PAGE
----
To satisfy your growing crew and thirst for gear, you’ll need to spend resources building up your base. Workbenches of all kinds will eventually take up all the real estate in your previously barren base. Most structures are prerequisites for more advanced builds which you’ll need to overcome obstacles out in the Exclusion Zone. As you work your way up the DIY ladder, you’ll have to manage the base’s comfort, radiation, air quality, power, and bedding levels. It takes an interior decorator’s touch to make your new abode both functional and aesthetically pleasing — or, as pleasing as Tetanus Central can be. Juggling resources, upgrades, and building costs is a colossal task, especially on higher difficulties. Burning food to fund a few extra trips solely for resources becomes commonplace.

The rarest and most vital resource of them all is the chernobylite itself. It helps with odd tasks here and there, but its primary function is to fuel the game’s most interesting mechanic: altering the past. Every time you die, deliberately or not, you’re brought to a special, ephemeral walkway where you can revisit the choices you’ve made. For three pieces of chernobylite, you can change any outcome, sending ripples through the game’s timeline, Zero Escape style. Need a character back in your party? Earn their approval by aligning with them during crucial decisions. Need more clues? Choose to preserve a document rather than destroy it. Spending chernobylite opens the door to more experimentation and allows you to shape the experience to your liking.

Pictured: Time-God Igor toys with his friends’ lives.

I appreciate the level of control afforded to me by the game. Being able to manipulate plot points, areas, and characters does a lot to make the experience more personal. But, it often came at the cost of any surprises, whether that be scares or otherwise. Much of the game is spent bolting across its world with reckless abandon, certain that nothing unexpected would take you by surprise and that no decision out in the field would be irreversible. The sense of urgency and danger I felt was dispelled only a few hours into my experience. The missions turned into errands; I’d have my shopping list and that one juicy morsel of a story objective that I’d save for the end. I was given almost too much control over the game’s systems, too much insight into how the game ticks, that the essential veil of mystery faded away entirely.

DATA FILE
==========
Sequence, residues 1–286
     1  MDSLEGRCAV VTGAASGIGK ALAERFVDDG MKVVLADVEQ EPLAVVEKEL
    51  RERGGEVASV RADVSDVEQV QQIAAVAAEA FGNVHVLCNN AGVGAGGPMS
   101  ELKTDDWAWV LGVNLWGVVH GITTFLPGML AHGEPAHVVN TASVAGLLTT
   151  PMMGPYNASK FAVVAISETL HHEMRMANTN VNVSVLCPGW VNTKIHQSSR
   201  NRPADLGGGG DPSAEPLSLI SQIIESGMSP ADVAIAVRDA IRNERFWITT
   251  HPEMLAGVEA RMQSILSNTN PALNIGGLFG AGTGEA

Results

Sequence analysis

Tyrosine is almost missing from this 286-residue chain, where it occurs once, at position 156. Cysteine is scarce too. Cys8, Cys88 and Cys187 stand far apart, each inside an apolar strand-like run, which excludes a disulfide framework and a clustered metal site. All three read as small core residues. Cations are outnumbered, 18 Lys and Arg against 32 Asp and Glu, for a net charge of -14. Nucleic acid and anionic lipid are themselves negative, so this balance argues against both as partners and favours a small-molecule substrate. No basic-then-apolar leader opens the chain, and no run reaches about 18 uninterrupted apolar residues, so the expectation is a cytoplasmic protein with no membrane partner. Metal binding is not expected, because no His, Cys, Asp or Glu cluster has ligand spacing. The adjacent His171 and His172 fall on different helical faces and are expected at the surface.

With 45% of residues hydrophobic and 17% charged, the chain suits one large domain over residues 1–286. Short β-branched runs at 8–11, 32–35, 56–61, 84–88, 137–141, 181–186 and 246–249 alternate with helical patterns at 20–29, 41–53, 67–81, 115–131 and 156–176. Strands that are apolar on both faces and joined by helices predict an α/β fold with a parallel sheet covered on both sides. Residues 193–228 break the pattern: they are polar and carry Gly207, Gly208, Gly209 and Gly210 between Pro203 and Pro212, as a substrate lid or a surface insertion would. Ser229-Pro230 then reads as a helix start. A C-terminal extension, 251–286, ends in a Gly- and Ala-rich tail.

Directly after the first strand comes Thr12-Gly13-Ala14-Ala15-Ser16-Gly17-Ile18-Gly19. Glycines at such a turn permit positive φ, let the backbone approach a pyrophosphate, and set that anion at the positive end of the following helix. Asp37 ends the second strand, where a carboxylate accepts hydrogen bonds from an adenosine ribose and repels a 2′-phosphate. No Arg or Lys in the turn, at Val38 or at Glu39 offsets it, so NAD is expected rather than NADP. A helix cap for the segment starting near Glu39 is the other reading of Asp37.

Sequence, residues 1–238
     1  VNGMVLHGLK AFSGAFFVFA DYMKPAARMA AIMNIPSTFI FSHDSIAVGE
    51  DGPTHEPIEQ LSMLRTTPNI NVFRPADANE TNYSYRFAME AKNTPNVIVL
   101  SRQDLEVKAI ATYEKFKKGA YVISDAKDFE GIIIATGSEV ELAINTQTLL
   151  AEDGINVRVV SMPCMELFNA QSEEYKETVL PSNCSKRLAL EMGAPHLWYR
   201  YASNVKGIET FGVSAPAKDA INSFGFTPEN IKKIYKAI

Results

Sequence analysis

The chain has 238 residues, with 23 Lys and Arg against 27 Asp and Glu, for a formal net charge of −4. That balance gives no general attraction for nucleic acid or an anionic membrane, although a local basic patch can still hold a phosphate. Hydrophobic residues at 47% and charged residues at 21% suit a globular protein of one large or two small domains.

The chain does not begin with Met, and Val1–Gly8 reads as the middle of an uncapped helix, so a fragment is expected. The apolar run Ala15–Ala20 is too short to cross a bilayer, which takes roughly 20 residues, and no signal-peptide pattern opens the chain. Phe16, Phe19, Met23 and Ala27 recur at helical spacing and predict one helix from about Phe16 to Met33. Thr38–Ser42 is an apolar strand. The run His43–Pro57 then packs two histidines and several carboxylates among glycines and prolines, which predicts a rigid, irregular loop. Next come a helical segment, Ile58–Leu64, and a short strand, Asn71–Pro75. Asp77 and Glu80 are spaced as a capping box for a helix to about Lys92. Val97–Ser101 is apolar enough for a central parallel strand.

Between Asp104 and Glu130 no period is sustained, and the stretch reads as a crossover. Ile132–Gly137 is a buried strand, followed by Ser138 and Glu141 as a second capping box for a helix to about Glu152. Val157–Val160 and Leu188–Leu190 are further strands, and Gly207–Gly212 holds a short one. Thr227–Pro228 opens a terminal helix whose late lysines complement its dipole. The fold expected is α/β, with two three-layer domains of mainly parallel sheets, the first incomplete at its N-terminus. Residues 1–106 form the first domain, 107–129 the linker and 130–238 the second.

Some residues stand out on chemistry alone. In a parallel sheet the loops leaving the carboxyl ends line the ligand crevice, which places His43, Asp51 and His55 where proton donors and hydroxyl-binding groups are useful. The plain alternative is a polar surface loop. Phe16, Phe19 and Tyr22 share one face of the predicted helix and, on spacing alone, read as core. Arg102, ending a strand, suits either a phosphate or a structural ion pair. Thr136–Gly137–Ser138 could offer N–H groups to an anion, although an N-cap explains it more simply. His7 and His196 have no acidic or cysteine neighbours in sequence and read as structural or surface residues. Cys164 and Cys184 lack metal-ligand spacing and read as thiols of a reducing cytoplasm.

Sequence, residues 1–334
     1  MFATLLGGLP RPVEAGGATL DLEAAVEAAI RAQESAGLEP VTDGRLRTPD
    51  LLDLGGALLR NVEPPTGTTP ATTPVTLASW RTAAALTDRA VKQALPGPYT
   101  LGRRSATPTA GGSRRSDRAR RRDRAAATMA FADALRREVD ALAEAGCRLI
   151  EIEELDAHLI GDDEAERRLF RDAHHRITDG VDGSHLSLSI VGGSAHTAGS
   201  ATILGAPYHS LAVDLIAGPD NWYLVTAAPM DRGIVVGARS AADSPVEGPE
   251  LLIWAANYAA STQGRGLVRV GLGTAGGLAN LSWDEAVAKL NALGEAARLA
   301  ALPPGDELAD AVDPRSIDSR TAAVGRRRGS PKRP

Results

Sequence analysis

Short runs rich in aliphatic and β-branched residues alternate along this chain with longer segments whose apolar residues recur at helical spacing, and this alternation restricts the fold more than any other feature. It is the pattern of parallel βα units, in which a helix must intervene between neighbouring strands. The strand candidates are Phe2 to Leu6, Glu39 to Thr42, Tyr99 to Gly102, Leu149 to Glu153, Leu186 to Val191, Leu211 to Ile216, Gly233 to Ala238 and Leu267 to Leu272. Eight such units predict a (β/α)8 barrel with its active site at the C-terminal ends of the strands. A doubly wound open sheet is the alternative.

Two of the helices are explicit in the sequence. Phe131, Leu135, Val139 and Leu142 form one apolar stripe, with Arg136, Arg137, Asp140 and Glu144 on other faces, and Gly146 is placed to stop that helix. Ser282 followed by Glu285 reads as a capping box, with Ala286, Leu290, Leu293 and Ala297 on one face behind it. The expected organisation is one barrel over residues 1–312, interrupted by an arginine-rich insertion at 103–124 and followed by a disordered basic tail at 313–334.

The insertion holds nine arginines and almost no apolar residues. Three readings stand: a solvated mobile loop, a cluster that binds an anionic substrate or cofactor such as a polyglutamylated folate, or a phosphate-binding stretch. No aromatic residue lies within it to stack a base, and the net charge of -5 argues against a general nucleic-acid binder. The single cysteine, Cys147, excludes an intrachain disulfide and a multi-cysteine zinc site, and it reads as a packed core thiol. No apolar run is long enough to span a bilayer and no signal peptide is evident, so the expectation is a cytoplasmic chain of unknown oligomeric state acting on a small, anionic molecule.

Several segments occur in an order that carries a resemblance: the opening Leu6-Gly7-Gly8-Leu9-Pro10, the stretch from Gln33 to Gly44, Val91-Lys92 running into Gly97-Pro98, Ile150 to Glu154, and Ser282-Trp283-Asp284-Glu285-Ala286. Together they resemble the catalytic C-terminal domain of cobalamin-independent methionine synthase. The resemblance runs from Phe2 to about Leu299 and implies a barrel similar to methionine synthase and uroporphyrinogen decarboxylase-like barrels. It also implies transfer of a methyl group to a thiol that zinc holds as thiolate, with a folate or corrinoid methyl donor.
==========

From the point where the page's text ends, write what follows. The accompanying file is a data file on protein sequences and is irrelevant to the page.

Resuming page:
That isn’t to say I wish the game shed these features. The survival and management systems are comprehensive enough that I felt a necessary pressure and paranoia that colored my trip through the game’s story. The growing pool of gear and weapons that I was able to get my hands on kept combat encounters from becoming too stale. And, by manipulating key story beats myself, I was able to experience the narrative through a new, refreshing lens. Chernobylite brings a lot of interesting ideas to the table and ties it all together with a unique narrative and gorgeous presentation. If only it could’ve kept a few extra cards up its sleeve to preserve a sense of intrigue and adventure.




Review Guidelines

Chernobylite’s trifecta of gun combat, survival, and base management serves the game’s unique narrative system. With more features comes more shortcomings, but nothing drastic enough to take away from an otherwise compelling experience.

A self-deprecating, overly sarcastic pair of glasses that occasionally possesses a human host in order to partake in the delightful process of playing video games, then immediately complaining about them. When he is not playing games (a rare occurrence), he can be found either writing about things that no one cares about, or haunting the quiet streets of his Canadian suburb.